Studying fish hearts could yield clues to treating or preventing heart damage in humans.
Research scientists at the University of Guelph (Ontario, Canada) have examined how fish change the size of their heart based on the temperature of the water, resulting in a larger and stronger heart in colder temperatures so the fish can remain active throughout the year.
Rainbow trout, salmon and other species put on collagen in the winter and take it off in the summer so they can keep swimming over a broad range of temperatures. Collagen is a structural protein found in connective tissues; it is the “glue” that helps hold the body together. Rainbow trout are able to produce more collagen and increase their heart size by as much as 50% their normal size in colder temperatures. The ability for some fish to remodel their heart enables them to remain active over a wide range of environmental temperatures.
It is imperative to study fish’s addition and removal of collagen further, as fish hearts and human hearts are similar in composition. When human hearts are injured from a heart attack or other stressor the body responds by building a scar composed of collagen in the damaged area. This scar has lasting damage and impairs cardiac function through the remainder of the human’s life. If we understand how fish are able to regulate and remove collagen from the heart in warmer months then we may be able to develop a more controlled way for the human heart to repair itself after a heart attack.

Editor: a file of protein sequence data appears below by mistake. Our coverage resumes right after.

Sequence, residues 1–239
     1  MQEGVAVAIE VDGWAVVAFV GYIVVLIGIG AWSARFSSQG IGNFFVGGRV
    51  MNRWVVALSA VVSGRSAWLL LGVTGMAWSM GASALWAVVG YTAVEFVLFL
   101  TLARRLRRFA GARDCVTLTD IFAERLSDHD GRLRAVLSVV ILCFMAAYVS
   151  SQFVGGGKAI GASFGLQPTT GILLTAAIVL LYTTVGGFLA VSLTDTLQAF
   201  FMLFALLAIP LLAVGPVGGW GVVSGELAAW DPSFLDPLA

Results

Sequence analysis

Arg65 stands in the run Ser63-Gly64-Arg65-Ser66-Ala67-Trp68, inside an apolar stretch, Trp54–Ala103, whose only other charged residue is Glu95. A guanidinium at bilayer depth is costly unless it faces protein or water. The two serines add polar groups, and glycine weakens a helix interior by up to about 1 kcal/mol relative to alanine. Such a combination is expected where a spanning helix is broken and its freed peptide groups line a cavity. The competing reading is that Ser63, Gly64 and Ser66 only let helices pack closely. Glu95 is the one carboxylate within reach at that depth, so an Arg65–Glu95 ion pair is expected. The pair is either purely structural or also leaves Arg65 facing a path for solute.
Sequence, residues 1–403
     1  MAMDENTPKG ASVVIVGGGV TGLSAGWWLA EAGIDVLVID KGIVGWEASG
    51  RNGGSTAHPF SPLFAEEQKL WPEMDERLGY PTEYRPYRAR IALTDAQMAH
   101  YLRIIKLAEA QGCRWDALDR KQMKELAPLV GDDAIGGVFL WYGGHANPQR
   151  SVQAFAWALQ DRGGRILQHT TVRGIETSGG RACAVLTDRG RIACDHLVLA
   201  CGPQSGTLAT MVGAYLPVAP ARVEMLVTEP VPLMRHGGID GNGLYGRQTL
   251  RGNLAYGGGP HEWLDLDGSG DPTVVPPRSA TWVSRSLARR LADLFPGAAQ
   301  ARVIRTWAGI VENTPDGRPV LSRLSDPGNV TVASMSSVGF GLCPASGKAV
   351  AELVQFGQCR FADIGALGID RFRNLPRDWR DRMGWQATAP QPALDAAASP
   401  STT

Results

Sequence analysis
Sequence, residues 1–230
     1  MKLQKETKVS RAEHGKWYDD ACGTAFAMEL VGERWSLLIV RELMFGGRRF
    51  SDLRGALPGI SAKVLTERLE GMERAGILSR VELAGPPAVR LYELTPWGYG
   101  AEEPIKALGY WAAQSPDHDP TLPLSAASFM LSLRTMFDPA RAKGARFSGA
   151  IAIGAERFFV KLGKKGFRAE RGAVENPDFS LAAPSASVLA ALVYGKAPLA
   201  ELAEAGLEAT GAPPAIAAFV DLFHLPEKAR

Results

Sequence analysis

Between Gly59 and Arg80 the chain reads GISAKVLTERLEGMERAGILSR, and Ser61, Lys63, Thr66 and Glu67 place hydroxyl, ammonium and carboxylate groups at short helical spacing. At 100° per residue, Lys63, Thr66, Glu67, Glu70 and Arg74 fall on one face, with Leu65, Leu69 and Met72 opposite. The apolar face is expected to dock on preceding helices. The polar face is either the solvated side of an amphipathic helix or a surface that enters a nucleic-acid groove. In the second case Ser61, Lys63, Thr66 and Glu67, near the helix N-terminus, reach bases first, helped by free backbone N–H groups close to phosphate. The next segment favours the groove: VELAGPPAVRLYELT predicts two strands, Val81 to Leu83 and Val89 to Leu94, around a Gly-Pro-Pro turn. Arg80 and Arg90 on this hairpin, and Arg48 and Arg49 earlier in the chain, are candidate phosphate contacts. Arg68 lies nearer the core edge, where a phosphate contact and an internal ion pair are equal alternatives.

Click here to access a summary of their findings.
Johnston, E.F. and T.E. Gillis. 2017. Transforming growth factor beta-1 (TGF-β1) stimulates collagen synthesis in cultured rainbow trout cardiac fibroblasts. The Journal of Experimental Biology, 220:2645-2653. DOI:10.1242/jeb.160093.